The Ford F-150 Lightning is more than the usual. It deserves a really close look and a detailed evaluation. This will be one of several videos I do prior to posting the usual full-length review.
The truck arrived later than usual – because it took longer than usual to drive it to my place here in SW Virginia, which is about 240 miles away from the “press pool” in the DC area. As it happens, 240 miles is the touted range of the standard 2023 Lightning on a full charge (a slight increase over the 230 miles touted by the ’22 model). As it turned out, the driver had to stop twice along the way to get more range. Because it didn’t have enough juice to travel the touted 230 (240) miles on a full charge.
It arrived with 180 miles of indicated range remaining. We’ll see how far it actually goes – which I will report about in Part II, probably later today. My plan is to drive it into Roanoke, Va. – which is about 35 miles away – and back home again, a round trip of 70-ish miles. Which ought to be well within the remaining indicated range of 180 miles.
I am hoping I will not have to stop (and wait) along the way – for a “fast” charge – in order to be able to make it back home.
I took a look at the instruction book that came with the truck, where it counsels care about “fast” charging . . . if you care about the long-term health of the battery. Which is something you would probably care a great deal about, if you owned this truck – and wanted to avoid having to buy a new battery for as long as possible. “AC charging” – by which is meant trickle-charging on household 120-240V AC current – “is the preferred method as it preserves the health of the battery.”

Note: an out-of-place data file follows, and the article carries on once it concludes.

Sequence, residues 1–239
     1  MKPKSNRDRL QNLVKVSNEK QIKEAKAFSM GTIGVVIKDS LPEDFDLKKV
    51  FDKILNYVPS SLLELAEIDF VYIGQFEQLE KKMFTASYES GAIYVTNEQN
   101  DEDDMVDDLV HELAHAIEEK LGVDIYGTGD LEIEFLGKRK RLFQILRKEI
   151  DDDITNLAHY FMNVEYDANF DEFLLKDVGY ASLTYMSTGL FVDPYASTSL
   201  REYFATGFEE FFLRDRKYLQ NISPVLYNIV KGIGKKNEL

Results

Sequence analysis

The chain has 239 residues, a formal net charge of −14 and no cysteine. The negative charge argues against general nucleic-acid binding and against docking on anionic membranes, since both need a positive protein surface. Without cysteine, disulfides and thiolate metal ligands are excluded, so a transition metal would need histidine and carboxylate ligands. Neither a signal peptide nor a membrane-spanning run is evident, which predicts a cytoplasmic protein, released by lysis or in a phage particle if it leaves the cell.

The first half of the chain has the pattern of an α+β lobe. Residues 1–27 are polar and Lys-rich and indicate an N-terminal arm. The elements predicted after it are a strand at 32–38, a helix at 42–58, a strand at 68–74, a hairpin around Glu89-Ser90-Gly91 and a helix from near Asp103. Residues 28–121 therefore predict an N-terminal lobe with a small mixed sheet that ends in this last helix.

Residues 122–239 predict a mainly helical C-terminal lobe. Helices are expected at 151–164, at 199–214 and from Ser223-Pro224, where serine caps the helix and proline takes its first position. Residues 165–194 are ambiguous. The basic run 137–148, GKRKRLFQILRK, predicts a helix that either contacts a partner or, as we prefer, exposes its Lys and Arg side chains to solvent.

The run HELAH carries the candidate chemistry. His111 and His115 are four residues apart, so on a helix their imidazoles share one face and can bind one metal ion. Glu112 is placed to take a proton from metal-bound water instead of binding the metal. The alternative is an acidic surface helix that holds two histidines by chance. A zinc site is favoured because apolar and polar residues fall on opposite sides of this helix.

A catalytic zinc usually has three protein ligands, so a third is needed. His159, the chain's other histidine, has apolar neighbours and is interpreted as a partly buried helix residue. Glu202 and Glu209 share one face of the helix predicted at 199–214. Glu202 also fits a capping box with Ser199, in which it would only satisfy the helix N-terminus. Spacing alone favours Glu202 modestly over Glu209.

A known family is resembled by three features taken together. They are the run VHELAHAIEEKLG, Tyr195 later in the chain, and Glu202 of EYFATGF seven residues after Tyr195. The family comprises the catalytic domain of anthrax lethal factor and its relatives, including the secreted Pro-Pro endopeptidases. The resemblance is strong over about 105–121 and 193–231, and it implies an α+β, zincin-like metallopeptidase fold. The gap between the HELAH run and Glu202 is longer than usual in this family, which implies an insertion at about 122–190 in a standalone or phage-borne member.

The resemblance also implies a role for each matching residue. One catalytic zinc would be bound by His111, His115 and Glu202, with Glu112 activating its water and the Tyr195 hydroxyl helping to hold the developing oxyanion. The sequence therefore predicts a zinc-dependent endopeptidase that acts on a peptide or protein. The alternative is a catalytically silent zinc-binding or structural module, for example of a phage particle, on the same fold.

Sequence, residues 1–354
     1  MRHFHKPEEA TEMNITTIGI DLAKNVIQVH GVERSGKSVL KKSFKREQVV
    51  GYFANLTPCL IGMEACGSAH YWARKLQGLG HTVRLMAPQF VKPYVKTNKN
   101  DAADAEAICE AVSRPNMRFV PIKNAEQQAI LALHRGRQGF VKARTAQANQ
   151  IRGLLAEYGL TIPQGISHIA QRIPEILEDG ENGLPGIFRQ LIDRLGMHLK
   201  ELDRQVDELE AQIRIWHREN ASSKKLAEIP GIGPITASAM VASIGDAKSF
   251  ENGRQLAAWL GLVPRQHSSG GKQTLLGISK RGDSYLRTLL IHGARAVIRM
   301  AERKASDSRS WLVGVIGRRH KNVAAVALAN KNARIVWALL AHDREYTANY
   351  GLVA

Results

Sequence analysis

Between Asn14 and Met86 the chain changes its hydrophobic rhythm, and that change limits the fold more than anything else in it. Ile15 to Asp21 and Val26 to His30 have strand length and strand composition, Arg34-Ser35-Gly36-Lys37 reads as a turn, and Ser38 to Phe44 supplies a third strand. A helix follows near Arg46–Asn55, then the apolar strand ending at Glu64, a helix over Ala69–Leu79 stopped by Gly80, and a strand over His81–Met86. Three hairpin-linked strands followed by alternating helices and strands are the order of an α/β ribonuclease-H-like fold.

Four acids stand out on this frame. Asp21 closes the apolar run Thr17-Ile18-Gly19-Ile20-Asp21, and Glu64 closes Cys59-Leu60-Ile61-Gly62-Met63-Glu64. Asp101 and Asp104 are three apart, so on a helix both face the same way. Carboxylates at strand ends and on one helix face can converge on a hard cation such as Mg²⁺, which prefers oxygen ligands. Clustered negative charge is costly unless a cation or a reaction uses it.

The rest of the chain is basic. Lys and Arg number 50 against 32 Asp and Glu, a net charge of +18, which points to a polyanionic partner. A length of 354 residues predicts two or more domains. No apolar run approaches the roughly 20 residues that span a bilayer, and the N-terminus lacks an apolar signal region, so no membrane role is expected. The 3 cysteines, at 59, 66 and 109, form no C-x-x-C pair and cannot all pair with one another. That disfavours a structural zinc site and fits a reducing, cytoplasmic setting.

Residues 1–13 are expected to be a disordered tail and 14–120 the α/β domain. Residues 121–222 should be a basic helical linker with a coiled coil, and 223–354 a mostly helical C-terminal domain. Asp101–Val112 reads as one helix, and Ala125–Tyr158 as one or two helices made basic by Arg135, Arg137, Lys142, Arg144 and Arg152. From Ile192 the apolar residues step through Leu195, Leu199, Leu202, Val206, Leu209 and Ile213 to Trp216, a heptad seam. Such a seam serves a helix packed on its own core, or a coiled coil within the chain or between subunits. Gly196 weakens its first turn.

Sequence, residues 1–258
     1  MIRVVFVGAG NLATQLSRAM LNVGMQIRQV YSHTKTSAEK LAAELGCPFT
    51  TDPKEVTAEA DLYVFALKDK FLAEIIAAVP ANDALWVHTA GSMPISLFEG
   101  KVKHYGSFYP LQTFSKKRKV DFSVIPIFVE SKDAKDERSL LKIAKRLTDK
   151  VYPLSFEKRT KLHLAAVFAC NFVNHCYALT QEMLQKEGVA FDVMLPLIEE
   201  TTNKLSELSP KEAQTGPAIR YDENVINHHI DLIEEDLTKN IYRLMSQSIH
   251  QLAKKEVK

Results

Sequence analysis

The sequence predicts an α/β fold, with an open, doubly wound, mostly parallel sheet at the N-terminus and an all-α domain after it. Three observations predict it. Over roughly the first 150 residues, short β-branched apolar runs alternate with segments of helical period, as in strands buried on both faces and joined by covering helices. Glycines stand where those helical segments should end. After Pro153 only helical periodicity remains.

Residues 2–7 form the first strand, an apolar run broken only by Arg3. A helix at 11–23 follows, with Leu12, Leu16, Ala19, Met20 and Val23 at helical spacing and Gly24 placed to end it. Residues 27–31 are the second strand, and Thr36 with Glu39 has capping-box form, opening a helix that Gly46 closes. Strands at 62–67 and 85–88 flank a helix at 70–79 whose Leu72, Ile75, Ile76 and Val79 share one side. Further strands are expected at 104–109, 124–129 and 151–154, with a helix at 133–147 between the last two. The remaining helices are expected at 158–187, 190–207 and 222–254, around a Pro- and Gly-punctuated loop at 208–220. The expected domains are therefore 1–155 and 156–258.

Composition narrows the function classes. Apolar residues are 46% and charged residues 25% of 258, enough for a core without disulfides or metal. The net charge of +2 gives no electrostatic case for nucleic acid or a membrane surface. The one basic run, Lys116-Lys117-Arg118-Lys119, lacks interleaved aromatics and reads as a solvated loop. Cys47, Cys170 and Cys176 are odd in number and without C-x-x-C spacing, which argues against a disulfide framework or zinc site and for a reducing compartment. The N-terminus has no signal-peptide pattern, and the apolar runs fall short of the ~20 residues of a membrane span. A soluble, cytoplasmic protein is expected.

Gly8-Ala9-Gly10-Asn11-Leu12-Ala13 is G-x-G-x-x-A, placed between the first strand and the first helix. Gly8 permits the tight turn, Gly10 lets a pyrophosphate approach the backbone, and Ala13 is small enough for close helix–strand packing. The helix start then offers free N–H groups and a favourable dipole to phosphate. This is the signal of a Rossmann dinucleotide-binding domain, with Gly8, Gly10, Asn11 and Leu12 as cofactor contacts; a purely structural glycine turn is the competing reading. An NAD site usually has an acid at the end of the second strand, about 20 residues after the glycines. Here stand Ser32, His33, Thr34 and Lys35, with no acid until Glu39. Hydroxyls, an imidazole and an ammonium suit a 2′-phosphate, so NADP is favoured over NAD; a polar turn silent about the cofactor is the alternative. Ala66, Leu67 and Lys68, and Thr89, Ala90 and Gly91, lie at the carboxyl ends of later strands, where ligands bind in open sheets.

“DC charging” – that is, “fast” charging – “allows you to charge your vehicle’s high-voltage battery in significantly less time” at a commercial “fast” charging station where very high DC voltage is available. That is what makes it possible to “fast” charge an EV.
Everyone knows that, because everyone has heard that. I think it’s significant that – to my knowledge – no automotive journalist has pointed out that it is preferable to not “fast” charge, assuming you wish to preserve the health of the battery. But that means a lot more waiting, as it takes at least several hours to recover even a partial charge using 120-240V AC household power. Which is the only kind of power available, by the way, at private residences.
This is ok if you’re home – and don’t need to leave anytime soon. But what if you aren’t – and do?
The conundrum thus appears to be:
Use the DC “fast” chargers available commercially (not residentially) so as to not have to wait for several hours – and so be able to use the vehicle to get where you need to be as opposed to where you’re stuck for awhile – and risk the “health” of the battery – or plan around the several hours’ wait for each 120-240V AC trickle-charge, in order to preserve the health of the battery.
Meanwhile, a gas-engined F1-50 could easily have made the 240 mile trip to my place without stopping and had at least that much range remaining. I could also “fast” fuel it – without any risk to the engine (or gas tank) in about five minutes, at the gas station just down the road from me.
I hope I am not coming off as unduly harsh on the Lightning. I intend to just state the facts – and let them speak for themselves.
Part II will encompass my first test-drive from here – my place in SW Virginia – to there (downtown Roanoke) and then (hopefully) back again.
If you don’t hear from me for awhile, you’ll know why!
Part II is here.
. . .
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